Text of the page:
There is one thing I omitted, by the way, from the depression era: the schools got all of our support. People with difficulty paying their tuition got all their support. We had an organization called the “Christian School Benevolent Association” which, after things got better, was not necessary any more. But they tried to raise money by lectures. There were many lectures then. Dad usually was the lecturer because it was from our congregation—on various topics about education and things like that. And then there would be a collection. The whole idea was to help the people who couldn’t make it to send their children to the Christian school.
One of those lectures I remember, because we teased Dad unmercifully when he came home. It was on “Order in the Home.” And when he came home, we kids plotted to have total disorder. So when he walked into the living room one was sitting with his feet over the back of the chair and another — total evidence of no order at all (laughter). He wasn’t too pleased with that (laughter).
MHH: But at the same time, he probably couldn’t throw a lot of stones, because rumor has it that he was occasionally an instigator of trouble.
LK: Oh, that was a rumor, yes. But I don’t know what trouble he instigated. What do you mean?
MHH: In terms of family fun.
LK: Oh, that, yeah. That’s true.
One of our “family fun” things was that he always devoted time after supper to some whomping around with the kids. My brothers would try to wrestle him to the floor. No matter how hard they tried, they never succeeded. He would simply take one hand and throw them off—and the other hand and throw them off.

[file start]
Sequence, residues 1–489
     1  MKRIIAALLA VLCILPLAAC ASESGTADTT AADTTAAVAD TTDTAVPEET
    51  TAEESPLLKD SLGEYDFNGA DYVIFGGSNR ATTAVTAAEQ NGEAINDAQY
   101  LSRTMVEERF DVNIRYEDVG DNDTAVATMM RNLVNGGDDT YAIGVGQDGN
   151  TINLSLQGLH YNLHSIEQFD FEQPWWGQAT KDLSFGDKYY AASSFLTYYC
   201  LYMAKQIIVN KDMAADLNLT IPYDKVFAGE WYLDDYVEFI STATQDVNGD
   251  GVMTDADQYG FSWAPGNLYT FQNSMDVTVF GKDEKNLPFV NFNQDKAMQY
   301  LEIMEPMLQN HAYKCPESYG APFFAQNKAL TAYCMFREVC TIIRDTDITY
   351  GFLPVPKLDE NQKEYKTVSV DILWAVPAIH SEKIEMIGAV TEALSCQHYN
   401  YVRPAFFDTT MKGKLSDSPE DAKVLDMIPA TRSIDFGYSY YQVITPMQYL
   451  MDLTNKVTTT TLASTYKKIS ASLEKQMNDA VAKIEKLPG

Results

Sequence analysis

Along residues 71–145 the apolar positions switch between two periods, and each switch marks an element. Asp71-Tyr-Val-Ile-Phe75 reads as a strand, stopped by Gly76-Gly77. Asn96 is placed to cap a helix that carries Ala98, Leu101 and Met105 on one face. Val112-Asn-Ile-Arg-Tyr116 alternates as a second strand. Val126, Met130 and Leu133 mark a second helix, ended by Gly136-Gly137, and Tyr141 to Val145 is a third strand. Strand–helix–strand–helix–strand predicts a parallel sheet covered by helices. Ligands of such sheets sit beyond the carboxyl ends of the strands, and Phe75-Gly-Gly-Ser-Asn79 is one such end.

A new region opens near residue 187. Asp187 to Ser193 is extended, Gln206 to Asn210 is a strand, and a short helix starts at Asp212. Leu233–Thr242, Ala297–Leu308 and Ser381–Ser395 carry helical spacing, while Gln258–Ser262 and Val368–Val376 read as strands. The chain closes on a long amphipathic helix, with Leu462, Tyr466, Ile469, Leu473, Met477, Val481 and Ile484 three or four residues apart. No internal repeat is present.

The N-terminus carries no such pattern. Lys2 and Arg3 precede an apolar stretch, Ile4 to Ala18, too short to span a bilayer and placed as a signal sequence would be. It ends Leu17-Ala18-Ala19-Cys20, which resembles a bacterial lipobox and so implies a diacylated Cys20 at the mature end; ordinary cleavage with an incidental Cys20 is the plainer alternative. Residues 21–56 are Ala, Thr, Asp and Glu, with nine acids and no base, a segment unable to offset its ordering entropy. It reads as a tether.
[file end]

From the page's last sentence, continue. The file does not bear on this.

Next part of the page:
Another favorite game (you probably heard of it): Throw the ball at the circle. I had more broken windows…The circle was the back of the house. I was just a design in the brick about two feet across in the peak of the attic, and my bedroom windows were just below that. They would stand on the ground and throw the ball up and see if they could get it somewhere inside of that circle. And they would keep track. We didn’t have a lot of toys, but we had a lot of fun. It was something we often played.
His relaxation was his garden. He had flowers. During the war, he went right along with the victory garden. He had a victory garden and raised all kinds of vegetables. That was his recreation.
And going to the beach. By Saturday afternoon, he would be ready to go to the beach. In the summer, when he took vacation after we were gone [from the home as adults], they would get the rottenest cabins you could imagine when there were so many good ones available. But they would stay in these little cabins with a gas plate for cooking and that was good enough. Then they’d go to the beach. My mother didn’t care about it, but she took her knitting.
MHH: Returning a little bit to the late 40’s and into the 50’s, what are your recollections of events surrounding 1953?
LK: Terrible tension. You could feel it when you went to church. You could just feel it.
MHH: And by that time you were certainly old enough to understand the issues involved in it. What are your recollections, other than the tension, of some of the events at the time of the division in the churches?
LK: By the way, Rev. Hanko was there. We had two ministers. He was there during 53.
MHH: That was Rev. C. [Cornelius]Hanko, then?
LK: C. Hanko. Oh, yes. He lived through all that. He was a great comfort, he really was. In fact, he had stomach ulcers, and he had operations for them. He was always skinny as a rail. But half of his trouble was that he was always in the middle of trouble—amid the factions.
He led our Mr. and Mrs. Society during those days, and the factions were so obvious there—the children of the people that were the “DeWolfites.” We were the first Mr. and Mrs. Society to be in First Church—we started it, actually. They would have so many barbed questions, and they would always bring up the subject of conditions. Rev. Hanko would try patiently to explain that it was not a condition, that these were admonitions, they were efficacious. Everything fell on deaf ears. Almost everyone’s mind was already made up.
MHH: So, in a certain sense, the division, the actually division in 1953 was, perhaps, not a big surprise to many?
LK: No. That wasn’t a surprise. It was going on for so long already.